Way back in 1995, the world discovered that the Golden Arches – or the McDonald’s logo – were more well-recognized as compared to the cross that is symbolic of Christianity.

Over time, McDonald’s – which is said to feed about 1% of the world’s population daily – has, somehow, retained its track record as the most recognizable symbol in the world.

According to inc.com, about 65% of the global population comprises visual learners. That means about two-thirds of the population finds it easier to remember things like logos, charts, graphs, symbols, equations, charts, mind-maps, flow charts, diagrams and caricatures.

As a result, if you’re looking to help someone learn something, visuals are going to be your new bae. Just look at schools: instead of having students note down pages and pages of text, teachers periodically use mind maps to introduce concepts. 

One of the daily challenges faced by educators is helping less agile learners understand new concepts. They also struggle with encouraging retention and memory of subject matter so that students can access it during testing and evaluation.

If you’re wondering how to make your content easier to digest and more memorable, be sure to include a few of the elements below in your online course: 

1. Photos

A photo of amoeba under a microscope is likely to remain in the mind of the students. But understanding might be harder to achieve if you try to describe the organism in words. As they say – a photo speaks a thousand words. 

Use Google photos more often. You don’t need the pictures to be high res if you are not printing them and you can afford to ignore the watermark on a picture of a Meerkat if you’re just using it for illustration purposes. 

You can even get printable high res pictures by fiddling about with the filters. 

Wikimedia Commons lets you use images even if you are publishing a matter, provided you give due credit.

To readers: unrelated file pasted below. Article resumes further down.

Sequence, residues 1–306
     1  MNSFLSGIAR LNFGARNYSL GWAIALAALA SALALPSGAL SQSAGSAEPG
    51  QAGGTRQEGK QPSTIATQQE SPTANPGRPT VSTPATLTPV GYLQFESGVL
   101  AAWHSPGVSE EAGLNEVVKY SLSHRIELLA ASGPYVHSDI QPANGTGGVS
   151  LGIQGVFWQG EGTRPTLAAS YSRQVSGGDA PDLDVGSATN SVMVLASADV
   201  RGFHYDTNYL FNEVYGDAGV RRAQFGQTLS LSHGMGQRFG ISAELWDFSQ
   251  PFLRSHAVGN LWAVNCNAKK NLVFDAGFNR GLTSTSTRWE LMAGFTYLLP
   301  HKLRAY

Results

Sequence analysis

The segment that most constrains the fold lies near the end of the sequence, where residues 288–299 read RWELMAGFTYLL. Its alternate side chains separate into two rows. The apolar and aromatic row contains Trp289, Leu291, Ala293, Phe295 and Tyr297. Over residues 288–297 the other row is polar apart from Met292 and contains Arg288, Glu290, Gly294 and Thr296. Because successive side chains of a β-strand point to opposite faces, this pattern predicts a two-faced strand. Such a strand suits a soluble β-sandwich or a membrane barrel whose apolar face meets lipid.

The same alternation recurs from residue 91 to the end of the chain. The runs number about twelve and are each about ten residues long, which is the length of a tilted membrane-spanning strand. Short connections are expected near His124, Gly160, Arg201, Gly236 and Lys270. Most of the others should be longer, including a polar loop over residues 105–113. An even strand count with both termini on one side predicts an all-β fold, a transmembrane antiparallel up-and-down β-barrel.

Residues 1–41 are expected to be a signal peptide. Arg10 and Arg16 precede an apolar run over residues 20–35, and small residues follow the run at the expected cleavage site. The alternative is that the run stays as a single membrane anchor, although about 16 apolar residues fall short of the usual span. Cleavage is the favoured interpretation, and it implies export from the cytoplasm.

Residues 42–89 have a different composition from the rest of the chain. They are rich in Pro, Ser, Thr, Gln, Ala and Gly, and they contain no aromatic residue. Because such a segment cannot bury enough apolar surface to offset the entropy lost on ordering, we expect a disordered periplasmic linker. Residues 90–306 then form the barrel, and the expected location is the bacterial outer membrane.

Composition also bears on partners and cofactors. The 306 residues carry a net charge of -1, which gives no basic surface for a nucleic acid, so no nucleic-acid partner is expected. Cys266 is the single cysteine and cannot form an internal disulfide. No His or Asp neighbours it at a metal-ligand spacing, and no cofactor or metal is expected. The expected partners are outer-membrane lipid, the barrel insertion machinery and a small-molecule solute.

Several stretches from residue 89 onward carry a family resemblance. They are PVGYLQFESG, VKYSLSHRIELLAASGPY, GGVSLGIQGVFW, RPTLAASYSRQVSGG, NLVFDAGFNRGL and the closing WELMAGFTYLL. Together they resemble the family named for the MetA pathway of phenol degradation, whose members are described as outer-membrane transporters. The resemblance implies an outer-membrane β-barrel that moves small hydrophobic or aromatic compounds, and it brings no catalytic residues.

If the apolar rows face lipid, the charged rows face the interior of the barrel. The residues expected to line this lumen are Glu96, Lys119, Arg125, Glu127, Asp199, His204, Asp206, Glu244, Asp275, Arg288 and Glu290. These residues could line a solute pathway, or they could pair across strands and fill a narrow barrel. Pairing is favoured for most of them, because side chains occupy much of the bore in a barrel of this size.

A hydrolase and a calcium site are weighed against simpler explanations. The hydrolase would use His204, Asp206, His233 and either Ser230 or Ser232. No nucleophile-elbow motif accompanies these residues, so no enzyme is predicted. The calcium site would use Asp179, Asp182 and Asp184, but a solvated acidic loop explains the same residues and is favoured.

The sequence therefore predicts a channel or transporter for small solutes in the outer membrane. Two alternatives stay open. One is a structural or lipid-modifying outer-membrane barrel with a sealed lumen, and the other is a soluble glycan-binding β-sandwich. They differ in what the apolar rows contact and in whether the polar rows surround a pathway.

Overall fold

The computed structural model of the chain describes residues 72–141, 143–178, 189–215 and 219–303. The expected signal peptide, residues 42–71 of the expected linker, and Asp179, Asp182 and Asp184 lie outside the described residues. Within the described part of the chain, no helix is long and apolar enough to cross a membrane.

Government websites will often offer images for free. Need a picture of a penguin? The tourism websites of South Africa and Australia will let you download a ton of such pictures, shot by a world-class photographer in high definition. Think out of the box! 

2. Icons, vectors, caricatures, and stick figures

Again, icons and vectors are available as easily as pictures of the Kardashians and Jenners of the world. You simply need to add the word icon or vector after the word you have in mind.

The best part is that you don’t need to be very creative. For example, if you type in “broke icon” you will most likely find an icon depicting a pan with his pockets out, with a downward drooping mouth and an exclamation over his head. Of course, you might also find icons of a broken bottle and broken plates – be prepared to play around a bit. 

If your team includes art teachers who are tasked with jazzing up lecture resources and study material, rope them in for illustrations and caricatures.

You could always also call in “project work” from the students themselves. Divide the students into groups and assign each group the task for illustrating a certain topic. Evaluate or award them on the project to ensure that they dish out all their creative juice. 

If you have none of these luxuries, stick figures to rescue!

3. Videos

There are videos simplifying everything from the different types of verbs to chemistry lab experiments, chess strategy, Capoeira formations and a literary analysis of Pride and Prejudice.

You can always begin or conclude a few classes with a video. Be sure to check the video before you play it for grammatical and pronunciation errors and age appropriateness.